Korea: The Young And The Doubtful

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December 23, 2015: In North Korea the end of the year is when foreigners can visit the capital (one of the few places foreigners can visit freely) and see how the economy is doing. This is the time of the year when the new entrepreneur class (called donju) come to the capital city to spend some of their money on luxury living and paying bribes to officials whose cooperation is necessary in the coming year. This is all informal of course because it is illegal to bribe officials. The wealthy donju are in touch with one another about which officials need attention (and how much). These mega donju then return home and dispense favors to the many lesser donju back in the provinces. There one can see more restaurants, hard currency stores (containing foreign goods), luxury bathhouses and beauty salons for donju who can afford it. South Korean analysts believe the donju class now includes at least a million people (four percent of the population up north) and growing fast. The donju have already surpassed the North Korean ruling class in terms of buying power and the government officials don’t mind as long as they get a cut.

Students of Western history (Kim Jong Un was educated in the West) know this is how the Western monarchies lost their power. But Kim also knows how to get a large share of the new wealth for himself. He demands a cut of the bribes and this is delivered by more frequent calls for “loyalty gifts” from officials. This increasingly causes unrest because many officials will get the money from people they have power over rather than from their own personal resources (recently received bribes). This causes popular unrest and unless Kim does something about it he will eventually have to answer for it.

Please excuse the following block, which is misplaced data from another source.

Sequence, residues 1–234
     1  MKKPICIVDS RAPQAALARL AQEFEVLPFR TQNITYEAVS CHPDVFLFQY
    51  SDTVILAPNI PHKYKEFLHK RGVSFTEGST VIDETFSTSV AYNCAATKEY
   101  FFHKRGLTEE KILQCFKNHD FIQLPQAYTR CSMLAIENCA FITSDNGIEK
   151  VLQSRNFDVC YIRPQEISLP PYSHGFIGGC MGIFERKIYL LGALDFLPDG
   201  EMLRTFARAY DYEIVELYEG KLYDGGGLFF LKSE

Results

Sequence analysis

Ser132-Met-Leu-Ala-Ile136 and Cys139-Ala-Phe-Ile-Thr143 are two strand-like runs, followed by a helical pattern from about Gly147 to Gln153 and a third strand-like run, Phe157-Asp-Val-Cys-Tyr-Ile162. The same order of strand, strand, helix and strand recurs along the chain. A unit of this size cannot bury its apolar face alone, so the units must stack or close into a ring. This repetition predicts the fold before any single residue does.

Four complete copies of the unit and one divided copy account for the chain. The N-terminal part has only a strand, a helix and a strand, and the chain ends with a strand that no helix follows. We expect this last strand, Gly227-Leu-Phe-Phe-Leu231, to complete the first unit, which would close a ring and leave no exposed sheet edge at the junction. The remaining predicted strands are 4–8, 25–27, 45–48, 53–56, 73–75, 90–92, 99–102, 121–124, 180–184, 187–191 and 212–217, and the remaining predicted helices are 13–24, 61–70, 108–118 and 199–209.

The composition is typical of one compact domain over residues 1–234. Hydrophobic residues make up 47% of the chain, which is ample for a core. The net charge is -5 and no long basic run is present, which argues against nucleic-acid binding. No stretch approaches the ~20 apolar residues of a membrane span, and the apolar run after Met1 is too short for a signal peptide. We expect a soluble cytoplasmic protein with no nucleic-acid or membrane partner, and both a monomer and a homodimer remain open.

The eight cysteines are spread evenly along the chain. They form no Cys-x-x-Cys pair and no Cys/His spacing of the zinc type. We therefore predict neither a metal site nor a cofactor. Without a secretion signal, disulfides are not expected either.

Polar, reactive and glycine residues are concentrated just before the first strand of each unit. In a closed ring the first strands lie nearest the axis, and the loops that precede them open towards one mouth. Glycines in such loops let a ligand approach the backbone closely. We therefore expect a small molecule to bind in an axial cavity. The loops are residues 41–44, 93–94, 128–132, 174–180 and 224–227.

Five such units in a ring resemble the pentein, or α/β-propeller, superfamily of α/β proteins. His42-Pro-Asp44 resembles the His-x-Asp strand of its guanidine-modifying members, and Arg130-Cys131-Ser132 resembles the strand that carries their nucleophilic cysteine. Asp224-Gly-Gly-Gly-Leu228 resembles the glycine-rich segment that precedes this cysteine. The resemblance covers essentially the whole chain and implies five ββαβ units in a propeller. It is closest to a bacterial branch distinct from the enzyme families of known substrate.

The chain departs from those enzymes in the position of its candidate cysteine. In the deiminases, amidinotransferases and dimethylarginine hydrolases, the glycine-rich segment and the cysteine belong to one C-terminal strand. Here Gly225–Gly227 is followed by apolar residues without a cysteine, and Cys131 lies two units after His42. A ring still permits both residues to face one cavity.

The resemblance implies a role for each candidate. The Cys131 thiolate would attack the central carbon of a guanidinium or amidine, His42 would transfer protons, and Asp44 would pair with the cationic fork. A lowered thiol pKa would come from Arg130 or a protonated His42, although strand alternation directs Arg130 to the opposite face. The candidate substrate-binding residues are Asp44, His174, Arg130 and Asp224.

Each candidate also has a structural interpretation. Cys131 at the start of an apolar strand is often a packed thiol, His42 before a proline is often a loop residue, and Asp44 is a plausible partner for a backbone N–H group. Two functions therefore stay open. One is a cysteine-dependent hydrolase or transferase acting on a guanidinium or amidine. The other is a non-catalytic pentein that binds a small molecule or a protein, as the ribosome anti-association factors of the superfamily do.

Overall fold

This sort of thing is much less of a problem in China because China brought more of their entrepreneurs into the government and was much less of an obstacle to economic growth provided by entrepreneurs. Adopting Chinese all methods is still unpopular with the North Korean leadership and China keeps reminding North Korea that ignoring the obvious will not end well. Those foreigners who get to the capital regularly (and many more do, to make deals with donju) note the spectacular growth of luxury restaurants and stories. These places are jammed at the end of the year and 2015 is no different. Despite the potential threats from the growing donju class the current Kim (Kim Jong Un) has encouraged market economy activity if it directly benefits his government. Thus the economy (GDP) is now growing, especially if you include the illegal (and difficult to count) economic activity. As welcome as this is to most North Koreans there is still the problem with comparisons with South Korea, where the average citizen makes at least fifteen times more than the average northerner.